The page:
Rent Control Evictions Are Skyrocketing Across City
Evictions of tenants living in rent-controlled units are on the rise all across Los Angeles, as land developers realize they can make more money by demolishing a rent-controlled building and cash in big-time by building new market-rate or luxury housing in its place, according to the L.A. Times.
In a new report, the Times found that more than 1,000 rent-controlled units were removed from the rental market in 2014, nearly three times as many in 2013. At the same time, evictions from similar apartments have doubled, though the LAT did not include specific numbers on those evictions.
Landlords are technically allowed to evict tenants if they intend to either take the housing off the rental market or demolish the building and build new apartments. The 1985 Ellis Act sets these provisions, though also mandates that any new units built after Ellis Act evictions would be subject to rent-control as well.
The Times uses the story of Dee Ann Newkirk to illustrate the point. Newkirk lives in a rent-controlled apartment in Beverly Grove, paying $1,350 to live in a one-bedroom unit.
A development company, Wiseman Residential, has purchased and demolished several buildings on her block. Wiseman also recently acquired the building Newkirk lives in, prompting her to worry that she too will soon be facing eviction.
Stuff like this happens all the time, unfortunately. Last year, a group of evicted tenants from Santa Monica rallied together and decided to sue their former landlord they were replaced by Airbnb tourists.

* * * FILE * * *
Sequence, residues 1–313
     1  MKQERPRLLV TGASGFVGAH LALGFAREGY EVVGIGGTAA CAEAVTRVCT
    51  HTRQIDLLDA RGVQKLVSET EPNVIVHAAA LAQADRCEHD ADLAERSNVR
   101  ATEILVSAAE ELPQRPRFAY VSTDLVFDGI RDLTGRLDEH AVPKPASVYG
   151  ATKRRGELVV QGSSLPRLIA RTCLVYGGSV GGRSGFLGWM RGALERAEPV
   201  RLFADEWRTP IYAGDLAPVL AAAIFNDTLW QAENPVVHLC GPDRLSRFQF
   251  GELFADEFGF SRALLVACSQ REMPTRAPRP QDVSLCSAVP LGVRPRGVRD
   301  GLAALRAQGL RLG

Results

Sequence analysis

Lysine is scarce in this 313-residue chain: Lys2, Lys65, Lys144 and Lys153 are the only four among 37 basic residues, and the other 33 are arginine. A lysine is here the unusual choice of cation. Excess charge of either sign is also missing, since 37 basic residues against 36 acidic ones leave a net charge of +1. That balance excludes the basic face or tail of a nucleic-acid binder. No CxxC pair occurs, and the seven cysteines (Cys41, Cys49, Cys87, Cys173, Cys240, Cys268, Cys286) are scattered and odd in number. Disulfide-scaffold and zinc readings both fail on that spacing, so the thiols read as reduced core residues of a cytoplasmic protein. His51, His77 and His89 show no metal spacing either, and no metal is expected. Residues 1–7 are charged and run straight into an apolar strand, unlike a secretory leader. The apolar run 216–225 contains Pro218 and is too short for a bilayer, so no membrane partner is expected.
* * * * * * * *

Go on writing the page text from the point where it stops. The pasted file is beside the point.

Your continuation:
The Times also points out that the lions share of these evictions are happening in Westside neighborhoods like Sawtelle and Beverly Grove, where demand for new luxury housing is through the roof.
It’s critical to note that Los Angeles’ stock of rent-controlled units totals north of 641,000 units. The 1,000 rent-controlled units lost in 2014—and even the total 20,000 units lost since 2001—represent a very small portion all rent-controlled units in L.A.
At the same time, Los Angeles has one of the tightest, most unaffordable rental markets in the entire country. Vacancy rates are extremely low, just 2.7 percent compared to a 7 percent national average, according to KPCC.
A unit is considered “rent-controlled” if it is inside a building that was built before October of 1978. Where newer units are subjected to more arbitrary rent increases, a unit that’s designated rent-controlled is limited to a 3 percent annual increase for existing tenants. New tenants in rent-controlled buildings are subject to market rate rent, but future increases are still limited to 3 percent annual increases.
Incidentally,L.A City's planning department made a tool available for the public earlier this year that can help you determine whether or not a unit you’re eyeing is rent-controlled or not.